It can be argued that the world is in a current state of online limbo. So many websites, social media platforms, and online resources are popping up – often times on a weekly basis – that it’s hard for users to know where to go, and where to accolade their computer time. This might mean burning hours online, or avoiding the net altogether; users have taken all types of approaches. But until enough time has passed to show what is truly worthwhile, (look to MySpace for inspiration) it’s hard to say what’s worth signing up for and what shouldn’t earn a second click.
What sites and/or platforms will make it, however, is not the only area under review. How companies are training their employees is also in a constant state of adjusting. Most recently, execs are making social media training a mandatory event – whether or not employees are online marketers. Under these guidelines employees of all ages learn the basics of Facebook, Twitter, Pinterest, how to post, and more. Some companies have even opted for more complicated lessons, like using scheduling agents or tracking profile response numbers.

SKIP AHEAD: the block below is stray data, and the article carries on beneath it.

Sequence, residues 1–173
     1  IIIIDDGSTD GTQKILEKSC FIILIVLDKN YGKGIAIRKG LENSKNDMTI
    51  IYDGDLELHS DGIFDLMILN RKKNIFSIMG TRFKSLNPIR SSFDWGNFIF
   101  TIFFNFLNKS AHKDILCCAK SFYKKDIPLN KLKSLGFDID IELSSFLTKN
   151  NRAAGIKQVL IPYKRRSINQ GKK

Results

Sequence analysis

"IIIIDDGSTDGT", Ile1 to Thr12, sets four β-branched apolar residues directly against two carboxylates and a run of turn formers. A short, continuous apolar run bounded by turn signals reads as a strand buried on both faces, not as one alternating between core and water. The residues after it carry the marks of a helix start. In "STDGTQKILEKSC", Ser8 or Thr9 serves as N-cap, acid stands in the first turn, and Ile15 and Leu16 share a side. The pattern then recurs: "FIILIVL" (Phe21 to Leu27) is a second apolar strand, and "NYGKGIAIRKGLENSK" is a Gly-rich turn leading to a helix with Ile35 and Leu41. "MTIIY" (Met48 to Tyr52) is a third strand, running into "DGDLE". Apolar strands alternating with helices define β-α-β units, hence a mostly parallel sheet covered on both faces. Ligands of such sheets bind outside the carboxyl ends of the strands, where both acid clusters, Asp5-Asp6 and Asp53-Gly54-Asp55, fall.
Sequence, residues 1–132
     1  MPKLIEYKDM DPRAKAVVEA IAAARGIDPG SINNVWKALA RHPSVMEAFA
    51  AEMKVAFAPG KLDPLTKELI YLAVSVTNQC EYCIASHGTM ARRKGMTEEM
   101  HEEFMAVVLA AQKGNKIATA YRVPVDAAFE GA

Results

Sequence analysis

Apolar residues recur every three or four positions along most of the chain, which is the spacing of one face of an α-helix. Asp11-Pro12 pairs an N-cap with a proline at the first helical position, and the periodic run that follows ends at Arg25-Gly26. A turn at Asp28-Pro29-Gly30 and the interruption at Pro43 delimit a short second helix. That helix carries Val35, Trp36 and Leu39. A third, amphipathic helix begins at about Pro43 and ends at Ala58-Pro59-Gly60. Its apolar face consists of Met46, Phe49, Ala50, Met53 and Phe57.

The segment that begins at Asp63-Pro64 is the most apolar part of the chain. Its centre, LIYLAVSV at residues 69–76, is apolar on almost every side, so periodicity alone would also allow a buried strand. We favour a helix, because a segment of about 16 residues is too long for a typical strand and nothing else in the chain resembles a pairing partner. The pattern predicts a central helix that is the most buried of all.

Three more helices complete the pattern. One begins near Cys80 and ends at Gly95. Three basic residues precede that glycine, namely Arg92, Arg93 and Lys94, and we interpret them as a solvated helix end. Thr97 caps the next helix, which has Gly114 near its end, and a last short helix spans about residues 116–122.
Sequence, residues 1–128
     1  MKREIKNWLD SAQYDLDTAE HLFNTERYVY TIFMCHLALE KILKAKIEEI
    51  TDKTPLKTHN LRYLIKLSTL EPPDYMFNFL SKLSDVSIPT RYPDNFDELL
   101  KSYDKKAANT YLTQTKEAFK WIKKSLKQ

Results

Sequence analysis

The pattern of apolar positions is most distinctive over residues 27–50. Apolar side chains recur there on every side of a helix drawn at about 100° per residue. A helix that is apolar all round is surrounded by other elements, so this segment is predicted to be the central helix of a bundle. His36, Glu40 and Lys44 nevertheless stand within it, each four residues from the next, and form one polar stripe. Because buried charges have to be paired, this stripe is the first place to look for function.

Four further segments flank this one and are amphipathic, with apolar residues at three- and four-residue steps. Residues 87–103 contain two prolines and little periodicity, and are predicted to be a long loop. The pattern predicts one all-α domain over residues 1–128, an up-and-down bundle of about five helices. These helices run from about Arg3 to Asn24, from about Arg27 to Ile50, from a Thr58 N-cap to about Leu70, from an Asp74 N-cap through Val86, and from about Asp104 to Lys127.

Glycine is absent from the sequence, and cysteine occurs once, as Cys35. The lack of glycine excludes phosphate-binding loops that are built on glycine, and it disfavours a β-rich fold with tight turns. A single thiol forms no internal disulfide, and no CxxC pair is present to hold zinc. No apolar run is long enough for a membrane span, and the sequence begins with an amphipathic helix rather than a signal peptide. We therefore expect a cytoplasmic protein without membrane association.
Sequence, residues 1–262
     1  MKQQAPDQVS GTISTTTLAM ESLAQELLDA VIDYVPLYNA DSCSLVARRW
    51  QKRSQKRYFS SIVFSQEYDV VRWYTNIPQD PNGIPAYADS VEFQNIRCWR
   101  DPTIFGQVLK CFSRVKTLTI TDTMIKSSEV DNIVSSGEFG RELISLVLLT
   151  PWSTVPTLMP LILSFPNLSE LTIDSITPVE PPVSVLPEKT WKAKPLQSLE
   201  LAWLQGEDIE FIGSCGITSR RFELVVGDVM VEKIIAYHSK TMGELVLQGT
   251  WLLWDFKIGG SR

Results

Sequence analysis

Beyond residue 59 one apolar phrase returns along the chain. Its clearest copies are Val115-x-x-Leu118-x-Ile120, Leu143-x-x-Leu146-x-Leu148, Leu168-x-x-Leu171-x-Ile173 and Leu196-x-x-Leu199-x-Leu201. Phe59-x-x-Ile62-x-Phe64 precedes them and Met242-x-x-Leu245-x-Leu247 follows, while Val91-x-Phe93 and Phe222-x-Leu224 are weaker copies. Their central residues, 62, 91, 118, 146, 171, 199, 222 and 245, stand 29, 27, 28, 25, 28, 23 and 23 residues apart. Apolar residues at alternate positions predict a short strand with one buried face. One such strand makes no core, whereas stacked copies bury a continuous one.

Will this prove helpful? Or are companies spending time and funds to train employees on a platform they might not ever use (other than personally)? After all, how many janitors are trained in sales and vice versa? Social media has seemed to defy logic and becoming a necessity across the board. (Although many companies claim that the training is to avoid employees posting inappropriate content.)
These issues, along with countless others, remain to be answered. But what this step does show is that social media is growing in importance and reach. Not many years ago it was just another tool in the arsenal of unused items – and now its use is becoming a forced event.
I’m betting Mark Zuckerberg couldn’t be happier.
Photo courtesy of Cote.